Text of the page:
The Science behind Food Preservation Read More
Since the beginning of time, humans have searched for safe and effective ways to preserve food. When done properly, preservation prevents food from spoiling. Depending on the method you use, preservation may extend the shelf life of some foods for several months or years.
But how does preservation work? What is the science behind some of the most popular and traditional methods?
Humans likely discovered the preservation effects of smoking food by accident. Meats, fowl and fish that were cooked over an open fire and exposed to smoke lasted longer than foods that did not.
Why is smoking an effective preservation technique?
Certain compounds in wood smoke have antimicrobial effects, which prevent the growth of the bacteria that spoils food.
Today, there are many methods used to smoke foods, including both cold and hot techniques. Hot smoking is a great choice for fresh or frozen food, while cold smoking is ideal for salted products and cheese.
Because there are so many preservation methods available today, smoking is primarily used to give foods distinct flavors, rather than preserving them.
Drying is another popular food preservation method, and a highly effective one. Because bacteria and other disease-causing organisms can only thrive in a moist environment, drying is one of the simplest ways to prevent spoilage. In ancient times, humans used the sun and the wind to dry out foods.
Drying was likely the earliest form of food preservation, and evidence of this technique dates all the way back to the earliest days of recorded history.
Over the centuries, the method of drying foods has progressed and advanced to make the process less time consuming.
Today, we use a food dehydrator to simulate the effects of drying food out in the sun and wind. These appliances use low-temperature heat and fans to remove moisture from foods. While faster than drying out in the sun, dehydration still takes several hours to complete.
Freezing is a highly effective way to preserve food because bacteria and other pathogens that spoil food are either killed or are not able to multiply at low temperatures.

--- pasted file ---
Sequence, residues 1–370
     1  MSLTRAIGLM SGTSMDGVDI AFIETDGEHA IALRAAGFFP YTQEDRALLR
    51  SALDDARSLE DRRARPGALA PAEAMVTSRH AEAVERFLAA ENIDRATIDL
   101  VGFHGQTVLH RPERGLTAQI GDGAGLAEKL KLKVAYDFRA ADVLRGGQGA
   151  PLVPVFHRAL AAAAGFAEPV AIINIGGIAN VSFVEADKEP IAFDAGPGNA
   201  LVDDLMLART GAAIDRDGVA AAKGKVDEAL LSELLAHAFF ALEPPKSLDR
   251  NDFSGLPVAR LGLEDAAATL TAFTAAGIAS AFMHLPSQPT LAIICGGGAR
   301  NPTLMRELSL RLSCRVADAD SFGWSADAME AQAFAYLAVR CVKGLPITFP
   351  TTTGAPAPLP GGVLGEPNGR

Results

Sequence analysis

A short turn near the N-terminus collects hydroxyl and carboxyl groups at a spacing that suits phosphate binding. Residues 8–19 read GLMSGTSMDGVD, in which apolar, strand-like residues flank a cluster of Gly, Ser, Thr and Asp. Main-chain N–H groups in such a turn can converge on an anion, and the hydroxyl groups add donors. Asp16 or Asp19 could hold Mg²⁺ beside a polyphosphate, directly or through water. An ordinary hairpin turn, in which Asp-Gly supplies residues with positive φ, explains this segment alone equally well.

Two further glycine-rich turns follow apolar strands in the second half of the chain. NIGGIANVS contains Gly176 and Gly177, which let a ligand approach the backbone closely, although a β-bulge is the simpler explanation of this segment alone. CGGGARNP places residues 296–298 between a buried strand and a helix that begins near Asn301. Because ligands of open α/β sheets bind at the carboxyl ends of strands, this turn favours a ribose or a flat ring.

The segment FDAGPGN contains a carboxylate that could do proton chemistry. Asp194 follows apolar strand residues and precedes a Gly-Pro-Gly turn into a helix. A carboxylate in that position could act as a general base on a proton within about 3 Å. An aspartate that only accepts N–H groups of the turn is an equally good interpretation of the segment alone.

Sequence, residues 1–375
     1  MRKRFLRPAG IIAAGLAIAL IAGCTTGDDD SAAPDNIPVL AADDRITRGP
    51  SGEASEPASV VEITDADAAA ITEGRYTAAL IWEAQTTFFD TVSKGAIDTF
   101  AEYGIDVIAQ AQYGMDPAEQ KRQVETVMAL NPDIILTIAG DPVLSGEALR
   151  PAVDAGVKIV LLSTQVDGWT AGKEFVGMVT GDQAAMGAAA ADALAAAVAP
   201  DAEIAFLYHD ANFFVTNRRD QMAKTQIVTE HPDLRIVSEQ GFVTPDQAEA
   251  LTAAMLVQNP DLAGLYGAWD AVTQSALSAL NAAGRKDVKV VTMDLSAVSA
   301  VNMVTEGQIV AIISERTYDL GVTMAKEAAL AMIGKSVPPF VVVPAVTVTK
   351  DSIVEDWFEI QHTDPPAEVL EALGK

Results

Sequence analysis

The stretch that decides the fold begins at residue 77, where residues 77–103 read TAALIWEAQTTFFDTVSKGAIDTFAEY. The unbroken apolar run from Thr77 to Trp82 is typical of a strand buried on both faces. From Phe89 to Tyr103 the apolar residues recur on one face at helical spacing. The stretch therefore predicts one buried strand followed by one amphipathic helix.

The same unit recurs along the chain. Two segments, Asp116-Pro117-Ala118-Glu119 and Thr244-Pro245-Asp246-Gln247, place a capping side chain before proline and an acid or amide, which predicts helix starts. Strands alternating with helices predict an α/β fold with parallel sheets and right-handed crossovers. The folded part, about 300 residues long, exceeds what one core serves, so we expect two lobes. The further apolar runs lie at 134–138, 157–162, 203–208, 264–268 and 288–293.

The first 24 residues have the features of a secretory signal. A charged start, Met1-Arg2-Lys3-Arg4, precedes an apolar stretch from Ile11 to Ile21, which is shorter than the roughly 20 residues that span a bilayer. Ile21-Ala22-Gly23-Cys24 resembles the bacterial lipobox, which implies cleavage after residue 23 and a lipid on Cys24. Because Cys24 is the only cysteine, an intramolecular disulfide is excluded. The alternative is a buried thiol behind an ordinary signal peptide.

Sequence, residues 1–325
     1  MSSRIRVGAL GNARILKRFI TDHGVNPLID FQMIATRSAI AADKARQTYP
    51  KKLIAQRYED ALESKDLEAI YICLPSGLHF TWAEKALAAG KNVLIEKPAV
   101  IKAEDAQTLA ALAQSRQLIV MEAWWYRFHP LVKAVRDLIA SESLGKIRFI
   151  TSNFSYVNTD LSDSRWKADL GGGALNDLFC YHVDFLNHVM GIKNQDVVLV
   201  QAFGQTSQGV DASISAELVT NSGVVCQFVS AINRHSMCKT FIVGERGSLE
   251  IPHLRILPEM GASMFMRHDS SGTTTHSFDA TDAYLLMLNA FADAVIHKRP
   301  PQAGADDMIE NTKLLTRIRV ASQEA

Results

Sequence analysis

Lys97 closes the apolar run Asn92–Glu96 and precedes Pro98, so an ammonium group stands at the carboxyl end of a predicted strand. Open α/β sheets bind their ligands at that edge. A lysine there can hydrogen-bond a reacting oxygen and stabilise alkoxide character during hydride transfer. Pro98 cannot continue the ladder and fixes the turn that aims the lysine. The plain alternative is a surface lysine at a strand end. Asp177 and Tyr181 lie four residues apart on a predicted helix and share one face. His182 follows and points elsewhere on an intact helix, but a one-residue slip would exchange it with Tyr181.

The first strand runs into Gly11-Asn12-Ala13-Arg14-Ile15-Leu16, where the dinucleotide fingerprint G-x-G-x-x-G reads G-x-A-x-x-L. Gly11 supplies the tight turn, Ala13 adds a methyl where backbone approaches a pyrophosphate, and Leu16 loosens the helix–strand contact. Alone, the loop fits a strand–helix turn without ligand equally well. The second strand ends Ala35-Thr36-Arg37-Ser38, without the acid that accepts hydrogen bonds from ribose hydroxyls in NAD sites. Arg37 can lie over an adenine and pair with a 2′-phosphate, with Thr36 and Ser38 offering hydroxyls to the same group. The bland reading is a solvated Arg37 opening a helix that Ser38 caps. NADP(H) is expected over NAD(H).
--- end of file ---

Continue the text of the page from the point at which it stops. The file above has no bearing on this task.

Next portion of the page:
Freezing isn’t a perfect method, though. Some pathogens are able to survive cold temperatures, and in some cases, freezing simply deactivates the pathogen. Once the food thaws out, the pathogen will become active again.
Just like any other food preservation method, freezing will work better with some foods than others. Meat, fish, poultry and some fruit juices are common choices for this method.
Salting, or curing, is a very old preservation technique that’s still not well understood by science. We do know that salt binds with water molecules, so in some respects, this method acts as a way to dehydrate. A salty environment may also prevent pathogens from surviving.
No matter the science behind this method, people have been using salt to preserve food for centuries.
There are some factors that affect the efficiency of curing, such as the size of the food and its fat content. The concentration of salt and the temperature of the brine will also play a role in how effective this method is.
While it can be used with vegetables and fruit, curing is most commonly used to preserve meat and fish.
Fermentation is actually a natural chemical reaction that causes a food to convert into another form via pathogens, or bacteria. Technically, the food “goes bad,” but the end result is still an edible product. Cheese is the perfect example of fermentation. Milk has a very short shelf-life, but early humans quickly discovered that spoiled milk can be controlled to produce cheese.
Fermentation has been praised in recent years because many fermented foods, such as sauerkraut and kimchi, contain beneficial gut bacteria that aids in digestion and health.